Eggs are often associated with unhealthy blood cholesterol, particularly egg yolks. And yes, eggs contain approximately 186mg of cholesterol. However, they are a fantastic source of lean protein and omega-3 fatty acids (which are great for a healthy heart).
Food scientists and nutritionists agree, the biggest threat to high cholesterol are in fact trans fats and added sugars, not dietary cholesterol. Furthermore, whole eggs give us many of the B vitamins and nutrients (B6, B12, folate and choline) that help us stay healthy. Eaten in moderation and as part of a healthy, balanced diet, eggs will keep your heart very healthy.
Myth 8: You Shouldn’t Snack When Trying To Lose Weight
This is something we hear a lot and to tackle this myth we need to talk about why we get the urge to snack in between meals. If you are eating three balanced healthy meals a day and you feel the need to snack, your body is telling you it is low on energy and needs more. However, if you have eaten foods high in sugar all day and you feel hungry in between meals, it could be your body is craving more of this sugar.
Eating healthy snacks between meals can actually help you control your appetite. Why not try some vegetable sticks with lower fat homemade hummus, natural yoghurt or fruit.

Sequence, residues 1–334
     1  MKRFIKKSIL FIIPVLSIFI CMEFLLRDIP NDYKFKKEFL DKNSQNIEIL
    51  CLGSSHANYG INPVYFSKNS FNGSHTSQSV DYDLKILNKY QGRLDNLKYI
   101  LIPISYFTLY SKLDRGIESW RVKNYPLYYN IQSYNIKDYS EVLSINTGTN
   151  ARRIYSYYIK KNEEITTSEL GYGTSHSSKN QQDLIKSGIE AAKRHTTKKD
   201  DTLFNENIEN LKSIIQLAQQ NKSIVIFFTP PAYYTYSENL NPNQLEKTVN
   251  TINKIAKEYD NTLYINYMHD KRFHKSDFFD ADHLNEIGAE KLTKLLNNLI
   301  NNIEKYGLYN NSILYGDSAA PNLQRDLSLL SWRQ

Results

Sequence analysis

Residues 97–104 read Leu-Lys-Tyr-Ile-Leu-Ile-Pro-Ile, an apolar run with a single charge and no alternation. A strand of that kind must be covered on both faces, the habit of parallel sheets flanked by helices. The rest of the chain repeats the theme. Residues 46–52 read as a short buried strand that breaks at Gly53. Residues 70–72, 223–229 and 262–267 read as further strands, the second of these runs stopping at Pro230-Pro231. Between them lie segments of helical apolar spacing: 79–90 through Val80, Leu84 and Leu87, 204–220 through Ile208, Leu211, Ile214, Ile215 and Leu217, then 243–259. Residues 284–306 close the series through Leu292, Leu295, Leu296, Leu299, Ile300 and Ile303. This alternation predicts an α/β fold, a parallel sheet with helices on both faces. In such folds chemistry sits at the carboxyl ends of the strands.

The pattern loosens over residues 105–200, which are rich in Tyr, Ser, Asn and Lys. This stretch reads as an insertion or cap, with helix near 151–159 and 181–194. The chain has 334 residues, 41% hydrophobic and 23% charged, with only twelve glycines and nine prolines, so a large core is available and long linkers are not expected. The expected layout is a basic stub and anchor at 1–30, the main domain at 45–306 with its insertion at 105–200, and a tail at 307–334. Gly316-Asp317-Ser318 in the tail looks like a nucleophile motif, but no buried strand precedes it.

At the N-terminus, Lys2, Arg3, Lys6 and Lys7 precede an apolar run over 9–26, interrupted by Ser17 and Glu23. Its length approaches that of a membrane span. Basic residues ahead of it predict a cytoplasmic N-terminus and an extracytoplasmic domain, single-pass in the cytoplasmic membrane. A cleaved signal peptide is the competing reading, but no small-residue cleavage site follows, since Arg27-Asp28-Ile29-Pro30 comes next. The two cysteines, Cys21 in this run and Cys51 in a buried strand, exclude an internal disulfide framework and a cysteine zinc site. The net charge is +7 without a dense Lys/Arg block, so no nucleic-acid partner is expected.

Myth 9: You will burn more calories if you don’t eat before working out
You should always eat something before exercising. Without the proper fuel, your body won’t be able to work as hard or for as long as you want during the activity.
And even worse, fasting before exercise may result in low blood pressure and lightheadedness. To maximize the results of your workout, aim to eat a meal with carbohydrates, protein and fat 2–3 hours prior. And make sure to pre-hydrate correctly too.
Myth 10: You Can Eat As Much As You Want, As Long As It’s Healthy
Portion size is what counts with every meal and food product you consume. Regardless of nutritious value, you should use smaller plates and bowls to help reduce your portion size. Make an effort to eat slower so your brain gets the message that your stomach is full (which can take up to 15 minutes).
How many calories you need each day to lose weight or maintain your weight depends on your age, weight, metabolism, whether you are male or female, how active you are, and other factors.
Finally, remember there is no quick fix when it comes to losing weight. The healthiest and most sustainable way is through a balanced diet and physical activity. Gradual weight loss is better for your body and will be more sustainable over time.